Dried edible bean is an important part of the rotations for central, westcentral and northwestern Minnesota farm enterprises.
Here, you’ll find fertilizer guidelines for edible bean in Minnesota.
Suggestions are adjusted for growing situations. Guidelines appropriate for nonirrigated finetextured soils may not be appropriate for irrigated sandy soils, and vice versa.
Nitrogen
Optimum yields of this crop depend on efficiently using nitrogen (N) fertilizers.
You can base N use guidelines on the results of a soil NO_{3}^{}N test or considering the combination of expected yield, previous crop and soil organic matter content.
The soil NO_{3}^{}N test is appropriate for western Minnesota (Figure 1), but isn’t recommended for sandy soils, even in western Minnesota.
Recommended N = (0.05) (EY)  STN_{(024 in.)}  N_{Pc}
Where:

EY = Expected yield, in pounds per acre.

STN = Nitratenitrogen (NO_{3}^{}N) measured to a depth of 24 inches, in pounds per acre.

N_{pc} = amount of N supplied by the previous legume crop, in pounds per acre.
Table 1 summarizes these N credits.
Table 1 shows credits for various legume crops that might precede the edible bean crop in the rotation. Use these credits when using the soil nitrate test.
Table 1: Nitrogen credits
Legume crop  Firstyear nitrogen credit 

Harvested alfalfa: 4 or more plants per square foot  70 lbs. of N per acre 
Harvested alfalfa: 2 to 3 plants per square foot  50 lbs. of N per acre 
Harvested alfalfa: 1 or fewer plants per square foot  20 lbs. of N per acre 
Red clover  35 lbs. of N per acre 
Table 2 summarizes N fertilizer guidelines for situations where the soil NO_{3}^{}N test isn’t used. These suggestions are appropriate for edible bean production on finetextured soils.
When grown on sandy soils under irrigation, use the standard guideline of 120 pounds of N per acre. If edible beans follow alfalfa on sandy soils, an N credit of 70 pounds of N per acre for the alfalfa crop is suggested.
Table 2 shows recommendations for edible bean grown on nonirrigated finetextured soil and when a soil NO_{3}^{}N test isn’t used.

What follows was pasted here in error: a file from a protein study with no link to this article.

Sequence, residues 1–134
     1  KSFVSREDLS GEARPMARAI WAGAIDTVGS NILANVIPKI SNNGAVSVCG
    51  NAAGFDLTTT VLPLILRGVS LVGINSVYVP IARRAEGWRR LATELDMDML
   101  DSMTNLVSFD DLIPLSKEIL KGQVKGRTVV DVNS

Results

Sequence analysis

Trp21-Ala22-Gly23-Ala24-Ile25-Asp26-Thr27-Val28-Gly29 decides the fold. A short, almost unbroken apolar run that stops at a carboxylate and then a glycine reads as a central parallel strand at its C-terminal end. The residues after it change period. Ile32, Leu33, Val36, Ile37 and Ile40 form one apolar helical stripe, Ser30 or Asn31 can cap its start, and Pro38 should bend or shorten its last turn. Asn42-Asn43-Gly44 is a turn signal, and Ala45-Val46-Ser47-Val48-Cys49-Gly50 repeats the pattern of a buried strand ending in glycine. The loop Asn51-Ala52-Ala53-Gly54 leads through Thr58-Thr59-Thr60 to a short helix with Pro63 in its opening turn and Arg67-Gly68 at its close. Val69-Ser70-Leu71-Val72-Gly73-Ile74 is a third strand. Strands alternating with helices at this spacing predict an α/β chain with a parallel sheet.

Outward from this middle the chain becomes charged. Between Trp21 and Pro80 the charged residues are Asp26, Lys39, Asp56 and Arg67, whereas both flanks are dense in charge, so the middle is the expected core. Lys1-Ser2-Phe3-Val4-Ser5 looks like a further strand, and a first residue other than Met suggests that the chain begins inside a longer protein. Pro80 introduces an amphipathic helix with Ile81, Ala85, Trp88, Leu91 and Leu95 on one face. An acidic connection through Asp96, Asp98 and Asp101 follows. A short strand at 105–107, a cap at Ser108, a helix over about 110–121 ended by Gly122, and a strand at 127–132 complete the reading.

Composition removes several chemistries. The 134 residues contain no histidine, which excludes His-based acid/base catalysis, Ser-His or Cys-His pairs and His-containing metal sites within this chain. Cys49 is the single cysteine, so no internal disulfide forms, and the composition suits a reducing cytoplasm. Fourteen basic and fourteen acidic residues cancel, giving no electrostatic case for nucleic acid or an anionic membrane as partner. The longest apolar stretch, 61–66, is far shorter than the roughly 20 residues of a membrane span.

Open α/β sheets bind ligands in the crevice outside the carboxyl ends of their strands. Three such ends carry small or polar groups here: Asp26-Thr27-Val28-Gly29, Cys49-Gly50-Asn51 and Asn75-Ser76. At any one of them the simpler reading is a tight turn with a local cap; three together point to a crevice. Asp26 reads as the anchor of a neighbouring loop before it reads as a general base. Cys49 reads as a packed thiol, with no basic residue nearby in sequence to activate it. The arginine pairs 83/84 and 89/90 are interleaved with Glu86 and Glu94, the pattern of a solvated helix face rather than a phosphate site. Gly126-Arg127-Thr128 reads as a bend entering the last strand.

Table 2: Nitrogen guidelines for edible bean
Crop grown last year  Organic matter level  Expected yield: 1,4001,900 lbs. per acre  Expected yield: 1,9012,400 lbs. per acre  Expected yield: 2,4012,900 lbs. per acre  Expected yield: 2,901+ lbs. per acre 

Alfalfa (4+ plants per square foot)  Low  0 lbs. of N per acre  0 lbs. of N per acre  0 lbs. of N per acre  0 lbs. of N per acre 
Alfalfa (4+ plants per square foot)  Medium and high  0 lbs. of N per acre  0 lbs. of N per acre  0 lbs. of N per acre  0 lbs. of N per acre 
Alfalfa (2 to 3 plants per square foot)  Low  0 lbs. of N per acre  20 lbs. of N per acre  40 lbs. of N per acre  60 lbs. of N per acre 
Alfalfa (2 to 3 plants per square foot)  Medium and high  0 lbs. of N per acre  0 lbs. of N per acre  10 lbs. of N per acre  30 lbs. of N per acre 
Group 1 crops (see below)  Low  0 lbs. of N per acre  0 lbs. of N per acre  25 lbs. of N per acre  45 lbs. of N per acre 
Group 1 crops (see below)  Medium and high  0 lbs. of N per acre  0 lbs. of N per acre  0 lbs. of N per acre  25 lbs. of N per acre 
Group 2 crops (see below)  Low  60 lbs. of N per acre  80 lbs. of N per acre  100 lbs. of N per acre  120 lbs. of N per acre 
Group 2 crops (see below)  Medium and high  30 lbs. of N per acre  50 lbs. of N per acre  70 lbs. of N per acre  90 lbs. of N per acre 
*Low = Less than 3.0%; Medium and high = 3.0% or more
Crops in Group 1:
Alsike clover, birdsfoot trefoil, grass/legume hay, grass legume pasture, fallow and red clover.
Crops in Group 2:
Barley, buckwheat, canola, corn, grass hay, grass pasture, oat, potato, rye, sorghumsudan, sugarbeet, sunflower, sweet corn, triticale and wheat.
Crops not considered previous crops
Because of the high potential for diseases, if edible bean should follow soybeans, edible bean, peas and other crops of edible bean, these crops aren’t considered previous crops in the rotation.
Nitrogen application timing
Timing the nitrogen application is an important consideration for edible bean production.